Rep. Jackie Speier last week proposed federal legislation to regulate e-cigarettes like tobacco products. Forgive us if our hopes are less than high.
Only a few months ago, state lawmakers in California were full of plans to limit the sketchy electronic devices, which heat a nicotine solution to create vapor that may or may not be hazardous to the health of those who inhale it.
Because the jury is still out – and because the federal Food and Drug Administration is considering e-cig regulations – state Senate Majority Leader Ellen Corbett wanted, like Speier, to apply the state’s other smoking bans to electronic smoking. Meanwhile, Assemblyman Roger Dickinson, D-Sacramento, wanted to limit the online sale of all tobacco products, e-cigs included.
Both were laudable measures, aimed at keeping e-cigarettes out of the hands – and lungs – of impressionable minors. Unfortunately, impressionable minors are precisely the market being targeted by the e-cigarette industry and the powerful tobacco companies that increasingly control it.
So last month, as tobacco lobbyists approvingly looked on, Dickinson’s bill was quietly snuffed out by a cowardly handful of his fellow Democrats in the Assembly Appropriations Committee. And Corbett’s bill was winnowed down into a ban on vending machine sales of e-cigs, then further amended to make it clear that e-cigarettes aren’t regular cigarettes, legally speaking.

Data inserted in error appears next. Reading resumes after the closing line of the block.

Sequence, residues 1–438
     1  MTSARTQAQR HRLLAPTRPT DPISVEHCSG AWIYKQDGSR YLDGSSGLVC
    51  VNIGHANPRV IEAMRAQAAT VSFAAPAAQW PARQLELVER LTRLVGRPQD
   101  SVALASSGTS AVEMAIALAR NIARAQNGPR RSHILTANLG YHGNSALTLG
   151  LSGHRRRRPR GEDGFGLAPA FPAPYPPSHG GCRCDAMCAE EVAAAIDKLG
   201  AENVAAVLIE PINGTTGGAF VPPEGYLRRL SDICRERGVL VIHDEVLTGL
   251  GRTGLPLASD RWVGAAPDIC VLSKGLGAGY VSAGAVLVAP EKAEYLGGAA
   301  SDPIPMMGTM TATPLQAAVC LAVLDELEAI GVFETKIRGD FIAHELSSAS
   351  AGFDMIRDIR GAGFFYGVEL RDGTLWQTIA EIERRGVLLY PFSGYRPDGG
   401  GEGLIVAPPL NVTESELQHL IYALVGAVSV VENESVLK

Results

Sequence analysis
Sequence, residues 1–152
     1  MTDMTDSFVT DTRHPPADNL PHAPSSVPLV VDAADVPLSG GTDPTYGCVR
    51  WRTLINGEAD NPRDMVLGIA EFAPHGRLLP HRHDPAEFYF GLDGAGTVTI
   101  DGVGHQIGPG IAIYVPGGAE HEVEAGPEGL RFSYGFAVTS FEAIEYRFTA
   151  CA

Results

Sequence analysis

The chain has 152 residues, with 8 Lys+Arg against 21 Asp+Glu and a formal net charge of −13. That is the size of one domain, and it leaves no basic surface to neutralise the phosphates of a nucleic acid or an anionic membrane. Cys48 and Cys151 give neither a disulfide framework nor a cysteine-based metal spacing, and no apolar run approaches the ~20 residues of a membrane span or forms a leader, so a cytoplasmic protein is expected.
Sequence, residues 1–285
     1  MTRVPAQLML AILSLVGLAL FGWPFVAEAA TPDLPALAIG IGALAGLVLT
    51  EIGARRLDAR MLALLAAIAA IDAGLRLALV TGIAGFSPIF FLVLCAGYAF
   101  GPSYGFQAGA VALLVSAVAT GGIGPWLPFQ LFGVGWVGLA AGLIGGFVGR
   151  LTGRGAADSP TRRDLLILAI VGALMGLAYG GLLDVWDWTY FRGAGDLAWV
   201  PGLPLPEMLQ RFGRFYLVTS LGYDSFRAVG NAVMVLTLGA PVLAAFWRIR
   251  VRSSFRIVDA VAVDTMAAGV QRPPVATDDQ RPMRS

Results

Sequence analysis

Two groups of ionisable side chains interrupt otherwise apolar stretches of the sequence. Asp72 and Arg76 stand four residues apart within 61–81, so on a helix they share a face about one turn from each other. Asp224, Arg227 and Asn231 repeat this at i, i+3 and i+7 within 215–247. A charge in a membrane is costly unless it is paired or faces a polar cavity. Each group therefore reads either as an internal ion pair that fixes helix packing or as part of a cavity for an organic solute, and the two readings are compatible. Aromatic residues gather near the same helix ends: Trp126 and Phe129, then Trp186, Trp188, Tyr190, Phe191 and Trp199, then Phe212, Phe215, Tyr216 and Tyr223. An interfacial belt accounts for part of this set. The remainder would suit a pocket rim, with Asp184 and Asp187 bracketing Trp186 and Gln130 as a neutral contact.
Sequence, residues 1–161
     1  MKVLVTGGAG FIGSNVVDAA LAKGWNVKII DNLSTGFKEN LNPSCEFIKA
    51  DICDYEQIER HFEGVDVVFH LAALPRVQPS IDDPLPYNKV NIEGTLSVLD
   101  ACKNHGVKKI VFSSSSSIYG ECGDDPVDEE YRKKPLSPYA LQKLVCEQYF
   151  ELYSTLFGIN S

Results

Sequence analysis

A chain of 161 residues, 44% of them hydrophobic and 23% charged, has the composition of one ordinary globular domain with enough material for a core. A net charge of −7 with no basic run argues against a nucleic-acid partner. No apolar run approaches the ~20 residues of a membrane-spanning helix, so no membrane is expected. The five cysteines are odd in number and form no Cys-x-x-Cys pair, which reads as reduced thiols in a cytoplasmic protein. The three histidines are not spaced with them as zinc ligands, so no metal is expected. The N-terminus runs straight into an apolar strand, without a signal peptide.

That sounds like a minor thing, but health advocates say that it actually undermines regulatory efforts. If Big Tobacco can show that states treat e-cigarettes as a separate category of tobacco products, the reasoning goes, then their lawyers can argue for legislative loopholes that exempt them from smoking bans and other tobacco restrictions.
Though Corbett and legislative staffers who worked on the bill say that probably couldn’t happen under this state’s statutes, the tweak in the Assembly Governmental Organization Committee certainly had the pro-tobacco crowd cheering. “We were successful in getting the bill amended so that e-cigarettes are separately defined,” Consumer Advocates for Smoke-Free Alternatives Association crowed in an alert on Wednesday.
Now, though Corbett – a longtime voice for health on the e-cigarette issue – says she is hoping to at least make this one, tiny step in the fight to keep the things away from minors, the American Heart Association, the American Lung Association and others want to kill what they now see as a Trojan horse full of pro-tobacco ammo.
No wonder Stanton Glantz, the longtime researcher and anti-tobacco advocate at the University of California, San Francisco, refers to the Assembly Governmental Organization Committee as the place “where good tobacco legislation goes to die.”
It’s discouraging, and disgusting, to see how easily Big Tobacco has blocked progress on this public health issue. So while we wish Speier all the best in her quest to make progress in Congress, it’s hard to imagine Washington summoning the backbone to do what even supposedly health-conscious California seems unable to do.
Here, there’s little to say about meaningful e-cigarette legislation except R.I.P. until next session.